Rishi Sunak is under intense pressure to do more to address the small boat crisis following the “appalling and preventable” tragedy that left six dead when a ship sank off the coast of France.
New calls for action emerged when it emerged that, despite the dangerous crossing, a further 509 people had crossed the English Channel in 10 small boats on Saturday, bringing the total for the year to 16,679.
Senior Conservatives joined Labor in attacking the “dysfunctional” Home Office for failing to tackle the “runaway” asylum system – but some Tory MPs appeared to blame the French for Saturday’s tragic deaths.
Tim Loughton, a senior member of the Special Committee on Home Affairs, called for both the Home Office and French authorities to do more.
“Unless the French actually intercept and hold these boats, we’ll have a problem stopping that,” he told Times Radio. He suggested that French intervention would “stop this whole despicable trade overnight,” adding: “What will it take for the French to agree to this?”
Labor Cabinet Secretary Bridget Phillipson said traffickers were “running a ring around the government” and said the Home Office was “increasingly chaotic and utterly incompetent”.
Sir Keir Starmer’s party wants to strike a migrant return deal with the EU after the so-called ‘Dublin Regulation’, which allows irregular migrants to be returned to the country of first arrival, was lost after Brexit.
Some Tory MPs criticized France after the deaths. The French warship PSP Cormoran was reportedly monitoring the overloaded small boat across the canal when it sank. Fisherman Matthew Coker said that post on Sunday the military boat “escorted” the ship.
Sir Iain Duncan Smith told the newspaper that the French policy of escorting small boats into English waters was “insane”, adding: “I think the whole thing encourages them to risk the journey more, which is a mistake – you see what happens when they do that. They end up dying.”
Former Tory leader Sir Jake Berry renewed his right-wing calls for the UK to withdraw from the European Convention on Human Rights (ECHR) in the wake of the Channel tragedy, claiming it could help “solve the problem” by allowing flights to Rwanda .
But former Conservative Deputy Prime Minister David Lidington warned that the idea of leaving the ECtHR would be “seriously off-putting” to voters. He said the Tories risk being eclipsed as an “evil party” once again.
“There will be a section of the electorate that will like this and want a hard line, no matter how rational or irrational that policy is,” the former deputy prime minister told the Observer.
The moderate added: “But I think the number of seats in the seats, particularly in the suburbs and home counties, will be at least as great and probably even surpassed, and those who are unfazed at best and earnest at worst by this type of rhetoric will be repelled.” and such a policy.”
A withdrawal from the ECHR would put the UK at odds with most European nations and could lead to serious complications with the Good Friday Agreement in Northern Ireland and the post-Brexit trade deal with the EU.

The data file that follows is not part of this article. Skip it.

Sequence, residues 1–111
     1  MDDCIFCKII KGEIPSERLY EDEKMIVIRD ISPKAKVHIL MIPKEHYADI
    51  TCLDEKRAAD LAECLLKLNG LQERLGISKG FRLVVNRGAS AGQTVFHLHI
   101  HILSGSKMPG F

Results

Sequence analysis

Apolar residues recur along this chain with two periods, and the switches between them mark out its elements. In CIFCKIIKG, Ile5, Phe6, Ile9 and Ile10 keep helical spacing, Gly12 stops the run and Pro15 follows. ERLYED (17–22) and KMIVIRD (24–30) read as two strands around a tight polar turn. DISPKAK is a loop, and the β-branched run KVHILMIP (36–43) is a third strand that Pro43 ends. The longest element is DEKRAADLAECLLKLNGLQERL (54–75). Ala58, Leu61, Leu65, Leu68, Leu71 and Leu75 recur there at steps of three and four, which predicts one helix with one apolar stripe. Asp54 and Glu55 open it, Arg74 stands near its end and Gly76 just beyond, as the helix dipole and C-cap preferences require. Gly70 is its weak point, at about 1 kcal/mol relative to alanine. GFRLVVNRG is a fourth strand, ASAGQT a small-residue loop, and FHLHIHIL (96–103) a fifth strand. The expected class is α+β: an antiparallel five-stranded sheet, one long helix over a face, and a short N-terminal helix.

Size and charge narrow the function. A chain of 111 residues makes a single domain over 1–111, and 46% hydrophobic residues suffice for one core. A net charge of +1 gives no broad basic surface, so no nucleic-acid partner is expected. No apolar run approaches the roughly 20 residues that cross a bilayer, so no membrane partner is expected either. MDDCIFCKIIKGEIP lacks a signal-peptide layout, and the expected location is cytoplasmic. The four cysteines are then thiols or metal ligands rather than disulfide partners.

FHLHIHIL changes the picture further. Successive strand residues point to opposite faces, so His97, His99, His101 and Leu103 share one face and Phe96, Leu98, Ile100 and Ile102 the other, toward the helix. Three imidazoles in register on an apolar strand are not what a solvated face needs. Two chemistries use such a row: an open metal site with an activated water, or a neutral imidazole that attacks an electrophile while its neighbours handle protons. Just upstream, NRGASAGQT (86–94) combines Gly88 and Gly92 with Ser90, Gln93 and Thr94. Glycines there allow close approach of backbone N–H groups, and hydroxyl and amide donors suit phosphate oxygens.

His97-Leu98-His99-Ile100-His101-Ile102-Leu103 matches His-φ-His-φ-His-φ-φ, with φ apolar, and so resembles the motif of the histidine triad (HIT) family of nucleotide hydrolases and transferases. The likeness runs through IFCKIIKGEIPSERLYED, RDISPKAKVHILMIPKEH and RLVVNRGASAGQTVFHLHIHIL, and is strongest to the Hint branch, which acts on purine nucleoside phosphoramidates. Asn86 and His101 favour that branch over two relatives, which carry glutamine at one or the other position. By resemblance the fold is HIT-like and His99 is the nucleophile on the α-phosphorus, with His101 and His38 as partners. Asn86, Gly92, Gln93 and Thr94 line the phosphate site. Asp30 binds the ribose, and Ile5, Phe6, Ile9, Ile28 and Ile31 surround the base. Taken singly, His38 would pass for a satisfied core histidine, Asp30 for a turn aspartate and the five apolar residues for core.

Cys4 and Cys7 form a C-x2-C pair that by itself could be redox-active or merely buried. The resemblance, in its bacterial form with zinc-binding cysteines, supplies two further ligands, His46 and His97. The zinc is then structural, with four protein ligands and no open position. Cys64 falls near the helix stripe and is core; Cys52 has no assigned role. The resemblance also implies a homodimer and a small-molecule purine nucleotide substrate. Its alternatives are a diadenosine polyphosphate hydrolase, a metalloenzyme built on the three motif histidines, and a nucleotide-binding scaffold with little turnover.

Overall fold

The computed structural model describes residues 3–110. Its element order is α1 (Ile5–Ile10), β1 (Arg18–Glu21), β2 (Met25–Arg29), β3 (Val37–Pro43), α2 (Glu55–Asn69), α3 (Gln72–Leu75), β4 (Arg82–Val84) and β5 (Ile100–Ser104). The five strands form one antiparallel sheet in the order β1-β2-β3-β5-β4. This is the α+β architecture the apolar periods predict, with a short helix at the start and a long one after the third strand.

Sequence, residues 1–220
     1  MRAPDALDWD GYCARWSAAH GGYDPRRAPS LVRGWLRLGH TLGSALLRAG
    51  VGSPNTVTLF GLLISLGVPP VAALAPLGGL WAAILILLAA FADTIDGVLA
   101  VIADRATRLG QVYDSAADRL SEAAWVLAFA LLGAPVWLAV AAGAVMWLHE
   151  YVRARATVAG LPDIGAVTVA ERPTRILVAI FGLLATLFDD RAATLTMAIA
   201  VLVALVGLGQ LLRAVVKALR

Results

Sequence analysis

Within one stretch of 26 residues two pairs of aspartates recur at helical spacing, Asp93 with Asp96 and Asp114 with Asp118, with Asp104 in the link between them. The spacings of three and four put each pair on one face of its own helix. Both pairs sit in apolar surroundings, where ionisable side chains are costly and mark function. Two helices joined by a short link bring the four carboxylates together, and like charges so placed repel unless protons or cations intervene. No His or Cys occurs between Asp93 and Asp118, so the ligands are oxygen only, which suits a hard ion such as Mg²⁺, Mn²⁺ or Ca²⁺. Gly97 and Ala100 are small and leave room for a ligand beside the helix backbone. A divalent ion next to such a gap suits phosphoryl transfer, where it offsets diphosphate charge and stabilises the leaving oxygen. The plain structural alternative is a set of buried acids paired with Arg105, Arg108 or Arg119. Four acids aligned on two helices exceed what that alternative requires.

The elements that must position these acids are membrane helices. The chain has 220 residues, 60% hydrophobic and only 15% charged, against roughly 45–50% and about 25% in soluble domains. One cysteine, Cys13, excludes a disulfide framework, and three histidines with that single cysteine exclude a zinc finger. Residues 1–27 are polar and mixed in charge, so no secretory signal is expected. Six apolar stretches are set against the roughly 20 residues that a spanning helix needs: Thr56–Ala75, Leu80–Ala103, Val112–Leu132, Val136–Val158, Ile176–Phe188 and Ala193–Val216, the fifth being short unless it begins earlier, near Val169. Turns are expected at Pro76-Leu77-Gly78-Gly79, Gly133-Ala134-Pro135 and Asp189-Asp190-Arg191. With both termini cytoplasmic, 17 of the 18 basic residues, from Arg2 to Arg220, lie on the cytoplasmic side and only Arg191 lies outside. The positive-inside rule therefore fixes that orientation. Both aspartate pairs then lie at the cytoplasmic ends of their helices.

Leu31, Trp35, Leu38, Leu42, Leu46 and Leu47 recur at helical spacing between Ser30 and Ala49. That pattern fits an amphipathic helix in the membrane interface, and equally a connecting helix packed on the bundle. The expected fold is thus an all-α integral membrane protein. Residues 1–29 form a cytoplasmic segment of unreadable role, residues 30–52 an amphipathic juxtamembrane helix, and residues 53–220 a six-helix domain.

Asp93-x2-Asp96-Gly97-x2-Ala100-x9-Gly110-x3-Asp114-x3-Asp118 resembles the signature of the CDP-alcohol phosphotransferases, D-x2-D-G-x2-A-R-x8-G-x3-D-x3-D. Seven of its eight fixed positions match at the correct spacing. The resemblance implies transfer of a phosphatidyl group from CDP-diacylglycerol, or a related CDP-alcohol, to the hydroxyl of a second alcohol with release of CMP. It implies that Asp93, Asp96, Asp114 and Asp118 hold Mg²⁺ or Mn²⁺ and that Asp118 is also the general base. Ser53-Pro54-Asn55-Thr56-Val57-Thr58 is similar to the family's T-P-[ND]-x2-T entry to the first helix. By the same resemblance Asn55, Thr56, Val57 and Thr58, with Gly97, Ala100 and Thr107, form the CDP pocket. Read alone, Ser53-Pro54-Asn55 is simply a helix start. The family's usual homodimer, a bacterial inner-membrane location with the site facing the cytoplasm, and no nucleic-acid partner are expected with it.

Mr Loughton said it was a year since the “dysfunctionality” at the Home Office and that the Department “must do a lot better to reduce the processing times of people who then come to the UK to see if they have legitimate asylum,” the claim or not”.
He said the government’s ‘Small Boats Week’ was ‘probably not a good idea’, adding: |It has been a hostage of fate and clearly depends on how many people risk their lives crossing the English Channel, which depends on the weather and how people smugglers operate.”
The investigation into the tragic English Channel incident, which left six dead, 59 rescued and two may still be missing, continues after an overloaded ship carrying migrants ran into trouble near Sangatte on Saturday.
Care4Calais said the incident was an “appalling and avoidable tragedy”, while the refugee council warned that “more people will die” unless safer routes to the UK are created.
Home Secretary Suella Braverman described the incident as a “tragic loss of life” and said she chaired a meeting with Border Patrol officers later on Saturday.
The plan to put migrants on the Bibby Stockholm barge has been called a “complete farce” after the first 39 people on the Dorset barge were evacuated because of Legionella bacteria found in the water supply.
However, ministers still intend to find further piers to accommodate migrant vessels elsewhere in the UK Sunday telegraph.
Welsh Minister David TC Davies said on Sunday it was “quite possible” that more migrants would be housed on barges as the government had “no problem in principle with barge hire”.
Mr Davies called the six deaths in the canal a “tragedy” and claimed that the “very rapid action taken by the Government this week to remove people on the only possibility that legionnaires could spread actually shows how we keep people safe.” First”.
Senior Tory David Davis said the Home Office’s “appalling incompetence” had been exposed. Former Tory MP Scott Benton said the barge plan had become a “complete farce”. Senior moderator Sir Geoffrey Clifton-Brown said the Home Office should be split into different departments.
There are calls for Home Secretary Suella Braverman to be fired. A former Tory minister told The Independent It was announced on Friday that Ms Braverman was to be fired for “losing control” over the Channel crisis.
But right-wing Tory MP Sir John Hayes, a leader of the Common Sense Group, said he remains in favor of a “concentration of arrivals” and said “the barges are a great idea.”